Basic facts on sheep AI
  • The best quality semen for AI comes from rams that ejaculate into an artificial vagina (AV) and not from electroejaculation, so rams have to be trained to serve into an AV and this can require special skills.
  • This is why many farmers send their rams to commercial AI stations for semen collection and also for storage. From here they order what semen they want each day.
  • Normally 2-3 ejaculates are collected from a ram in a day.
  • This would give enough sperm in 0.1ml of semen to mate 50 ewes.
  • Because of all the extra work involved in AI, it’s a good idea to synchronise groups of ewes in the flock to come on heat together. This is done by treating them with intravaginal devices (IVDs) containing progestagen. The IVDs are left in for 12 days and after removal will come on heat 48 hours later.
  • All the ewes are inseminated - sometimes called “blanket insemination” or “fixed-time” insemination.
  • The other method which gives better results is called “on heat” insemination which means that a teaser ram is used to identify ewes on heat and they are brought in twice a day for insemination.
  • Ewes ovulate after the end of standing oestrus, but the problem is you don’t know when they start, and the exercise has to fit in with working hours.
  • When using a harnessed teaser ram to identify any on heat, bring in any ewes that were marked overnight and inseminate them that morning.
  • Then in late afternoon bring in any new ewes found on heat and inseminate them. It would be a good idea to give these late ones another insemination the next morning if the teaser was still interested in them. A further insemination 10-12 hours after her first insemination can increase fertility by 6-10%.
  • There are two methods of insemination. Ewes are inseminated either into the cervix (cervical insemination) or into the uterus (intra-uterine insemination). Only a veterinarian can carry out intra-uterine AI.
  • With cervical insemination an experienced operator can do 50-60 ewes/hour with fresh semen, and with intra-uterine, 25-35ewes/hour is a good work rate with frozen semen.
  • “Conception rate” (CR) after AI is normally lower than by natural service.
  • Good operators will guarantee 60% CR for intra-uterine and 50% for cervical AI.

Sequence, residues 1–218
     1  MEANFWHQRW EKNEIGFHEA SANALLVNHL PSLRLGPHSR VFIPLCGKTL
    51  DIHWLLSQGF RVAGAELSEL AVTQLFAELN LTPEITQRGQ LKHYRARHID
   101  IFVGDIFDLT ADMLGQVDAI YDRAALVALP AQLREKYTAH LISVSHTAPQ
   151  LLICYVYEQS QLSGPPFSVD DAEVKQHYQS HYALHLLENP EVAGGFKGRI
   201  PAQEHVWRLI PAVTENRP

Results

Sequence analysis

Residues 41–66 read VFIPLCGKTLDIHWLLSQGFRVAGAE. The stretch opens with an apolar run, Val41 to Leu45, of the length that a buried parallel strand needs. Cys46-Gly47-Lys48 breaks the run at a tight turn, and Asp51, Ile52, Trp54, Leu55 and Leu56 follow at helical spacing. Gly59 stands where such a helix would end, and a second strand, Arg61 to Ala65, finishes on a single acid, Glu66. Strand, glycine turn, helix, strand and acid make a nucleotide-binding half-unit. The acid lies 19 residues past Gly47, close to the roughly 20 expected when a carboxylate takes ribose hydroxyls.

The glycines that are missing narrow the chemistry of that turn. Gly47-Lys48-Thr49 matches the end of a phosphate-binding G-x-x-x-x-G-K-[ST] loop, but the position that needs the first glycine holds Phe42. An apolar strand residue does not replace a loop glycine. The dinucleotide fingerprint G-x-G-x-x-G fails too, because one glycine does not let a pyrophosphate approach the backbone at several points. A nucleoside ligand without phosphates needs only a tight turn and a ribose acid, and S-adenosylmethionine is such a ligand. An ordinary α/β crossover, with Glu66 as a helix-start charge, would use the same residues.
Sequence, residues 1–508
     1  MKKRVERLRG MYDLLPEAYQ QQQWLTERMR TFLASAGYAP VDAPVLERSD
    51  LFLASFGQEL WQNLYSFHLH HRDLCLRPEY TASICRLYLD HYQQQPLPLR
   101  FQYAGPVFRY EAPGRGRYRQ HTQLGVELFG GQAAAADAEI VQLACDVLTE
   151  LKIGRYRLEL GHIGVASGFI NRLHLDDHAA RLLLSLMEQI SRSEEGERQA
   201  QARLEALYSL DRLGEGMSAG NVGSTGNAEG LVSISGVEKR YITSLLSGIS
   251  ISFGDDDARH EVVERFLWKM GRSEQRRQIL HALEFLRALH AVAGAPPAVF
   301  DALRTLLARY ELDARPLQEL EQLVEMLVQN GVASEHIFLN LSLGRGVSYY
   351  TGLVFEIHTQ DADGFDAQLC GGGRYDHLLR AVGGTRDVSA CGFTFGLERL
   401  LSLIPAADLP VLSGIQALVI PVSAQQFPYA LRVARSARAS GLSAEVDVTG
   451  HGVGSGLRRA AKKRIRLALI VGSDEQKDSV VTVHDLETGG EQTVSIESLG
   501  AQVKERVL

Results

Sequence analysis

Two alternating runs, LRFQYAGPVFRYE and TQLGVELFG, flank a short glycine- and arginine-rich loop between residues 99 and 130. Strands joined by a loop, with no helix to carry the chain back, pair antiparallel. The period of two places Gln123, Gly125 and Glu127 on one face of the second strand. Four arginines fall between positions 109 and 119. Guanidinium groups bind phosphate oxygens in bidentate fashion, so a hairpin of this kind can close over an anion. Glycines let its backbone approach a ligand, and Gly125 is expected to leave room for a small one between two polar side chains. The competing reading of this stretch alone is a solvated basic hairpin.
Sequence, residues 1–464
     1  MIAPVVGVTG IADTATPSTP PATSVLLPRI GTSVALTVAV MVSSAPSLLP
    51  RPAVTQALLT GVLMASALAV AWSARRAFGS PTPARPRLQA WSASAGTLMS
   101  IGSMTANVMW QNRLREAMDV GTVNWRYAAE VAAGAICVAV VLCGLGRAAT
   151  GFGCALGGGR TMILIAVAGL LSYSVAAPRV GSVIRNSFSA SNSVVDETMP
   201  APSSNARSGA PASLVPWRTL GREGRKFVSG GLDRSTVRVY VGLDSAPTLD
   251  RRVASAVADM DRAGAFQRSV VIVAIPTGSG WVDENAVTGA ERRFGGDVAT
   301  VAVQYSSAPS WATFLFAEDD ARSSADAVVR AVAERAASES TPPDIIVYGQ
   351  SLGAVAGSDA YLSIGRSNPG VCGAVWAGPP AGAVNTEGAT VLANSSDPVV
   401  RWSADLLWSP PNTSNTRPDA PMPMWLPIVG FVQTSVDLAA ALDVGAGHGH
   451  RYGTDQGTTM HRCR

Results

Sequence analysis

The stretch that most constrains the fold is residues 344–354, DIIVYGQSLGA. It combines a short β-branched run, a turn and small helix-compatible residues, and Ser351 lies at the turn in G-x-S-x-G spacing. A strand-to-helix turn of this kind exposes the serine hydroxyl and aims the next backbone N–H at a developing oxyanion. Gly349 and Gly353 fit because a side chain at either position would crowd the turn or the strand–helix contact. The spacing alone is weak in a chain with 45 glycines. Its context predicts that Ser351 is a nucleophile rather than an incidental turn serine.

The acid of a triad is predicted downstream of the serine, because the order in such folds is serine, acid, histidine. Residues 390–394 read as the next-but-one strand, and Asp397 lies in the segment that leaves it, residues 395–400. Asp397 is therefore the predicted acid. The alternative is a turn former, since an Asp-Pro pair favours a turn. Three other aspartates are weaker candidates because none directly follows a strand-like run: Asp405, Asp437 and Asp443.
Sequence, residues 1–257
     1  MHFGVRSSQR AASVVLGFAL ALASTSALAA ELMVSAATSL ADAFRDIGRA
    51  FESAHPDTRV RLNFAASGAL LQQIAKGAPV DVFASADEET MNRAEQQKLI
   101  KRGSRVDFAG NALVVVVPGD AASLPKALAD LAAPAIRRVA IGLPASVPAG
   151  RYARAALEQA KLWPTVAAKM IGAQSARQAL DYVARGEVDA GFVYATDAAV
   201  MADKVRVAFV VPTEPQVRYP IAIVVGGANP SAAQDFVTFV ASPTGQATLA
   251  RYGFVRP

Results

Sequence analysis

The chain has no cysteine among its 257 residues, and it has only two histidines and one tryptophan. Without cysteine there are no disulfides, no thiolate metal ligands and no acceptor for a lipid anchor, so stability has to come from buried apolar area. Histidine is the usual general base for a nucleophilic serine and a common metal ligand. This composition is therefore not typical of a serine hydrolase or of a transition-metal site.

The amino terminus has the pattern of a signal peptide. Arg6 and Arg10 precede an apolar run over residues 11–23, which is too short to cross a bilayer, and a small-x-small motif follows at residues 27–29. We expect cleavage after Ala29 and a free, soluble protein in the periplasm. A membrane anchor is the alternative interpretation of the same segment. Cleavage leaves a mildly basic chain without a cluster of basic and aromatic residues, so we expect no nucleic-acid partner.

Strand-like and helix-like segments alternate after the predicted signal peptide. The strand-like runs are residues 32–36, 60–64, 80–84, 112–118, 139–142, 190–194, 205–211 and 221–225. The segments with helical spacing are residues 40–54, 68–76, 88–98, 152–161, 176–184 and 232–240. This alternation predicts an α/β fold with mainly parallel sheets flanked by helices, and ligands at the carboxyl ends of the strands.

• Fresh semen must be used within 24 hours of collection for cervical insemination and frozen semen is only suitable for intra-uterine insemination.
  • Keeping stress to a minimum is important in an AI programme. By the time a ewe on heat has been mustered, yarded, drafted, restrained for insemination and then had a speculum inserted into her vagina to light up her cervix for insemination – she may be more than a bit stressed which may affect conception rate.
  • Clearly it would be most unwise to consider an AI programme in sheep without consulting your veterinarian and a professional AI service provider.


  1. is it alright for the ram to mate his mother or sister

  2. No it is not advisable to mate a ram to his mother or sister, or to his daughters as this is called 'very intense inbreeding' and can lead to genetic defects appearing like undershot jaw, atresia anusand other physical problems. It's best to avoid mating any parents that are closer than second cousins.
    The standard practice is to keep a ram until his daughters are old enough to be mated, then use a completely unrelated ram.

  3. how long does it take from the time you put a ram in with a ewe for her to have a lamb?

    1. Four months is a good general rule. There can be quite a bit of variation though depending on the number of lambs the ewe is carrying - for example quads or triplets may be born a few days earlier do to the metabolic load on the ewe.

  4. I am bringing my ewes in to lamb and want to put the ram back into a paddock away from them, I have two young ram lambs (11 months old) in the paddock will this be a problem?

  5. How many years is a good ram viable?